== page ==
Step S403 allocates the next slot in the CDF to (2,1), and sets that value to zero, resulting in matrix 21 shown in FIG. 10. Step S404 then searches row “2” (i.e., i0) for remaining non-zero entries with increasing column sum. Here, the only remaining entry in row “2” is (2,4). Accordingly, processing proceeds to step S405, where that entry is allocated to the CDF, and thence to step S407, where it is set to zero resulting in matrix 22 shown in FIG. 11. Processing then returns to step S404. Thereafter processing proceeds through step S404 using matrix 22 shown in FIG. 12. In that matrix, entry (1,4) has the lowest row sum. Accordingly (1,4) is allocated to the CDF in step S406, thereby producing matrix 23 shown in FIG. 12. Thereafter, processing proceeds along column “4”, resulting in allocation of (3,4), and producing matrix 24 shown in FIG. 13. Processing then allocates this last non-zero entry, resulting in the “0” identity matrix shown in FIG. 14.

Thereafter, processing ends.

Accordingly, for original matrix 17 shown in FIG. 7, the process shown in FIG. 4 produces the following sequence

Seq={(4,3), (2,1), (2,4), (1,4), (3,4), (3,2)}.

Thus, in this case, the process generated a sequence having no OTTs.

In this regard, generally speaking, the present invention will establish a transmission sequence having at most two OTTs (i.e., a cost of two). By way of example, if after step S417, there is more than one entry remaining and I(jL,i0)=0, the cost will increase by one, but not more than two. For instance, if only two entries (jL,k) and (k,i0) remain, then (i0,jL) to (jL,k) will incur a cost of one, and (jL,k) and (k,i0) will also incur a cost of one, resulting in a total cost of two. Likewise, if more than two entries remain following step S417, such as entries (jL,k), (k,i0), and (m,i0), then (i0,jL) to (jL,k) will incur a cost of one. The invention can then mask row k and select (m,i0) without incurring additional cost. Thereafter, the invention unmasks row k and selects entry (k,i0) also without incurring additional cost. Thus, in this case, the total cost incurred is one.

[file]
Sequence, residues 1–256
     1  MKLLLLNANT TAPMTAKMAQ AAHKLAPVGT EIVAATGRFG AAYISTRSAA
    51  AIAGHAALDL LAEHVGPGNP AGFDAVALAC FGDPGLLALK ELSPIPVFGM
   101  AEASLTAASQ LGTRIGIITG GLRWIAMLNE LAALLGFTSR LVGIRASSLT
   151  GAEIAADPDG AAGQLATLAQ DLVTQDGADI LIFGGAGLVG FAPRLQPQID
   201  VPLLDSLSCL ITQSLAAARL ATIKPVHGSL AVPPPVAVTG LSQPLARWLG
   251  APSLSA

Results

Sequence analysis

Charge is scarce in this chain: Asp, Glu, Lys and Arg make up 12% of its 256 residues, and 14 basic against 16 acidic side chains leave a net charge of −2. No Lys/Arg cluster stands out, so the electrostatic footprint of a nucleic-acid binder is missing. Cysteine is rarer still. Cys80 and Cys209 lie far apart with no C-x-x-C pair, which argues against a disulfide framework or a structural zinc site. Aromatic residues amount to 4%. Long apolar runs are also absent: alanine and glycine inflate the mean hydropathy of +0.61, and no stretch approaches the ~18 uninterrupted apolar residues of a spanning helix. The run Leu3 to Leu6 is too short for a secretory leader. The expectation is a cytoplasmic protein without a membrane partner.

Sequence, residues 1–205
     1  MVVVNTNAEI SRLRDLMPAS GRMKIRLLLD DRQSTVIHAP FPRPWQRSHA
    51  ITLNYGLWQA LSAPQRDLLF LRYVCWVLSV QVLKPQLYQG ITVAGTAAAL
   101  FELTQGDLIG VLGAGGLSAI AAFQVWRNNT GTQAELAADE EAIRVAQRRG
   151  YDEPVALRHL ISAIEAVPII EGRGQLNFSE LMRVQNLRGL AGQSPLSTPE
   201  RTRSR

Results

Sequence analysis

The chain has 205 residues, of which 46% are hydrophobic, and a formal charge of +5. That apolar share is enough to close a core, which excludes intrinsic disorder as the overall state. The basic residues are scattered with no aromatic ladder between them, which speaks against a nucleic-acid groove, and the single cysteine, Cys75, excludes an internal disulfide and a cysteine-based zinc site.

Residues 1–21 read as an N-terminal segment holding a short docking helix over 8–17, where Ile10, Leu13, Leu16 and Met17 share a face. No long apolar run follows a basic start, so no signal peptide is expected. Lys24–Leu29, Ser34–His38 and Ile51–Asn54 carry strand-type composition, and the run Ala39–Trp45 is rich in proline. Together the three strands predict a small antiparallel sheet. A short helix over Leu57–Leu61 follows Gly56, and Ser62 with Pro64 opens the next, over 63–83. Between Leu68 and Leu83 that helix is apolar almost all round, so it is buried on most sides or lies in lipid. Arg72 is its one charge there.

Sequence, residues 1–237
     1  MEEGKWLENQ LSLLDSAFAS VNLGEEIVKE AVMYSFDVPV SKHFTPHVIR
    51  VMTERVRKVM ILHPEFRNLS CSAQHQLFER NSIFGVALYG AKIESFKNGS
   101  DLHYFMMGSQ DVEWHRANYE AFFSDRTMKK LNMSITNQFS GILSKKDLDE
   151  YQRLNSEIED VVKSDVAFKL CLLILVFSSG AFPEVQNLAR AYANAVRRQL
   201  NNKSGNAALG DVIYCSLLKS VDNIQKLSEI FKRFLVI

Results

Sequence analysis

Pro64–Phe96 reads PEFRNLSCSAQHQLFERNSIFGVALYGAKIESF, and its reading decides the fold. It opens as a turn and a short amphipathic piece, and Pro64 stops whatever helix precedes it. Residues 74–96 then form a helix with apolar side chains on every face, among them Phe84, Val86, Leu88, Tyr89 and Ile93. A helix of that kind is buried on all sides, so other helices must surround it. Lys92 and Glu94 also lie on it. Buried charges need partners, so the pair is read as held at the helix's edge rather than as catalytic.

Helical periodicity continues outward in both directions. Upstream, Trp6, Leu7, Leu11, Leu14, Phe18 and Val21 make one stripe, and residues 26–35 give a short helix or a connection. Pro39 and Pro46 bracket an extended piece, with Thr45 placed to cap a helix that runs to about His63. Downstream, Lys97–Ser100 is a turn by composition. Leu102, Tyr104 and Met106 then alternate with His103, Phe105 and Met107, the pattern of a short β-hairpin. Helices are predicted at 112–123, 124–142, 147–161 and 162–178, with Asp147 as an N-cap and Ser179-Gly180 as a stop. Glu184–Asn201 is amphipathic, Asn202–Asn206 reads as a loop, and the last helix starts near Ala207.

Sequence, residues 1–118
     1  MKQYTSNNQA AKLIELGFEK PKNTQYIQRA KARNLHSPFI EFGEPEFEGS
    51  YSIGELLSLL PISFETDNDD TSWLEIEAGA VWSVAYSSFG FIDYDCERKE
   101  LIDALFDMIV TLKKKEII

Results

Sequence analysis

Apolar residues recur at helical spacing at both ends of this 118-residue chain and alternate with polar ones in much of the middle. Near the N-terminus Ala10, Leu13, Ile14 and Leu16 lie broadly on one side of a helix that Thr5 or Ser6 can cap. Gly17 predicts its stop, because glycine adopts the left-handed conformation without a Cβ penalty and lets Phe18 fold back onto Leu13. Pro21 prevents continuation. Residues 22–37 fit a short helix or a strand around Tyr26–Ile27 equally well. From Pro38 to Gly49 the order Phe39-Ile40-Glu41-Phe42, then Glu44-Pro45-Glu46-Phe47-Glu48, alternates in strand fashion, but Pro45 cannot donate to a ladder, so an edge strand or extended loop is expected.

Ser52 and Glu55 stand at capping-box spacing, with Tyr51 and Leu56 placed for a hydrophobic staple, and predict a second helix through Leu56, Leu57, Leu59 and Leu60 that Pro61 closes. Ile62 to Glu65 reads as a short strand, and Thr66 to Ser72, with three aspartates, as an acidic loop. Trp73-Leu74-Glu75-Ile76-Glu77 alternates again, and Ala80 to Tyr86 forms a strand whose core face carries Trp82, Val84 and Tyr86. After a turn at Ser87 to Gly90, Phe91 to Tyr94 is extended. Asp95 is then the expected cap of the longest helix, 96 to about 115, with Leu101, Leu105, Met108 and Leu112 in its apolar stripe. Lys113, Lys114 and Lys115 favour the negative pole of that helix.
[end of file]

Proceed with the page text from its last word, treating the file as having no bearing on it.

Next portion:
On the other hand, if after step S417 there is more than one entry left and I(jL,i0)≠0, the cost will increase by only one. For instance, if there are three entries (jL,k), (k,i0), and (jL,i0) remaining, and if (k,i0) is selected first, (i0,jL) to (k,i0) will incur a cost of one. Assuming the invention then selects (jL,i0), no additional cost will be incurred. Finally, (jL,k) can be selected without incurring additional cost, leaving the total cost at one.

Finally, if (jL,i0) is the only entry remaining following step S417, the total cost incurred will be exactly two as a result of the (i0,jL) to (jL,i0) transition. The invention, however, provides a way to reduce this cost in particular, as well as other costs which may be incurred. More specifically, to reduce cost, the invention may move (jL,i0) up in the transmission sequence so that it occupies a previous slot in the CDF. For example, entry (jL,i0) may be moved/allocated to an initial (e.g., first available) slot in the CDF. Other entries which increase cost may be similarly moved, so long as those moves themselves do not increase the cost.